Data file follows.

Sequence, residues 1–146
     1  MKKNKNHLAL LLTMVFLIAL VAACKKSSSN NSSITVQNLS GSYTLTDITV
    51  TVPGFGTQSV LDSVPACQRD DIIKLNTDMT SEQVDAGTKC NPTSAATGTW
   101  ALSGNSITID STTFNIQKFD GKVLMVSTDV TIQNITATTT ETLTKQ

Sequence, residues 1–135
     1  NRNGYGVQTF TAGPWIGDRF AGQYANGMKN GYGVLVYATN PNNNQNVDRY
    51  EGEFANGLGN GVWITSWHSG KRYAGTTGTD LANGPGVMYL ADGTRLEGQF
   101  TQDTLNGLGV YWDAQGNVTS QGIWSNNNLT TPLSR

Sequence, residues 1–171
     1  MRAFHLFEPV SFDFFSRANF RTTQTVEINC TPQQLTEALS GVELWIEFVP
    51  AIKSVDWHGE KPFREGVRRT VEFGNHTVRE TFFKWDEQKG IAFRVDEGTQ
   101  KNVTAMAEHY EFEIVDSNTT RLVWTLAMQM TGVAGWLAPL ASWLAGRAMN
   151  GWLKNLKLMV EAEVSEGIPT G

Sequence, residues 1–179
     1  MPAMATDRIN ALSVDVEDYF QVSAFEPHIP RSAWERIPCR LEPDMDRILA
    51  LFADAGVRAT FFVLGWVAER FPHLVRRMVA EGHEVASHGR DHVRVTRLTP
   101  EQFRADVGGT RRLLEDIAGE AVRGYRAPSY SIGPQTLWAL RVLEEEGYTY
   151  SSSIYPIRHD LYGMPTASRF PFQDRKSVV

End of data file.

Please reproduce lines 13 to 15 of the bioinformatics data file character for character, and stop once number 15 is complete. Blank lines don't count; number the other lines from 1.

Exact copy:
   151  GWLKNLKLMV EAEVSEGIPT G

Sequence, residues 1–179
     1  MPAMATDRIN ALSVDVEDYF QVSAFEPHIP RSAWERIPCR LEPDMDRILA